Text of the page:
Miami Burglary Attorney
What constitutes trespassing?
One of the most common felony charges in the state of Florida is burglary, which can take place in several different forms. Florida statute §810.02 states that burglary can be defined as "entering a dwelling, a structure, or a conveyance with the intent to commit an offense therein, unless the premises are at the time open to the public or the defendant is licensed or invited to enter." When referring to a dwelling in a burglary case, it means an inhabited residence, while a conveyance refers to a car and/or motor vehicle, and a structure refers to things like an office building and/or publicly owned property. If the intent to commit a crime cannot be established, misdemeanor trespassing charges are usually filed.
- Burglary of a Structure/Conveyance is a third degree felony punishable by up to five years in a Florida state prison. A structure or conveyance is any enclosed structure such as an office, car, warehouse, school, etc. In other words, for purposes of this offense, it can be anything that is not considered a dwelling—an inhabited residence.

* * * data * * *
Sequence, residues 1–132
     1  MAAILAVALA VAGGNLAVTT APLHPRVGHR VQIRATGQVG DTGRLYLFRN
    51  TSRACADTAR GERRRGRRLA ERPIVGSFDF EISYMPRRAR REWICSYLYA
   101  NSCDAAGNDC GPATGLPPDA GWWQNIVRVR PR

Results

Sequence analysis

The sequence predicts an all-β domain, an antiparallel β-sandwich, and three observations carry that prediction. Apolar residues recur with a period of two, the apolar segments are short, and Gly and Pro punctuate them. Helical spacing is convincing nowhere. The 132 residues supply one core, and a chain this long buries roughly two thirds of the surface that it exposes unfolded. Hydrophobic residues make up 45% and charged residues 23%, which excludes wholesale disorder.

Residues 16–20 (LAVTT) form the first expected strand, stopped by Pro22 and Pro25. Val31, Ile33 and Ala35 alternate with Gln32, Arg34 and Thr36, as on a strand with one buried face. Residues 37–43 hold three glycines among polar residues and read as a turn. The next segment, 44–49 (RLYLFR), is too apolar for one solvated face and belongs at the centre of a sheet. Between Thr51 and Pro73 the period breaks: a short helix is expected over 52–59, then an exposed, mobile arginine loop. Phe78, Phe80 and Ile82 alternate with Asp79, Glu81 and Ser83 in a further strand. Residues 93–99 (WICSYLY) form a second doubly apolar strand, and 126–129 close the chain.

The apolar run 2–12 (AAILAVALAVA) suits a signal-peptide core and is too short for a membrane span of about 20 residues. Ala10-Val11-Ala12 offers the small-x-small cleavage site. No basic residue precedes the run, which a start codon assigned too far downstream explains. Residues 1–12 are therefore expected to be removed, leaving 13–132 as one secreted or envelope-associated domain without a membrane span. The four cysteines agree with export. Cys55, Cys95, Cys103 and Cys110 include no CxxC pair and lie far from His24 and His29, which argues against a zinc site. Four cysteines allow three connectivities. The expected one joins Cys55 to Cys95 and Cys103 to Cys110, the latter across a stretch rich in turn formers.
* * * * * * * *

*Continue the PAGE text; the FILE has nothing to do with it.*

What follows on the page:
- Burglary of a Dwelling is a second degree felony punishable by up to fifteen years in a Florida state prison. Usually, but not always, this offense also carries additional charges of theft/grand theft—as this is typically the "crime within"—and criminal mischief, as there is often some damage done to another's property in the process of breaking and entering.
- Burglary with an Assault/Battery /Armed Burglary are both felonies of the first degree punishable by up to thirty years in a Florida state prison. The latter charge carries a minimum mandatory prison sentence of 10-20 years. If the "crime within" is an assault (threat of imminent harm) or a battery (unconsented touching), a burglary with assault/battery can be charged.
Not a Theft Charge
The crime of burglary/trespassing is different than a theft charge because there is a difference of intent. Theft is said to have the intent of depriving an owner of their property while burglary always involves entering the residence of someone else without permission with the intent of committing a crime. Theft does not have to take place at a residence, but can take place in a public area.
What if I never actually entered the home?
The offense of burglary of a dwelling can, and usually will be, waged even if a person never enters a person's actual home. Burglary of a dwelling can also consist of jumping into an enclosed piece of property, called "curtilage" without the consent of the owner with the intent to commit a crime within (i.e. theft). It is likely, however, that if found on another person's property without consent, that you will face a trespassing offense—as intent to commit a crime must be proven in a burglary offense. The intricacies of burglary charges necessitate professional legal representation.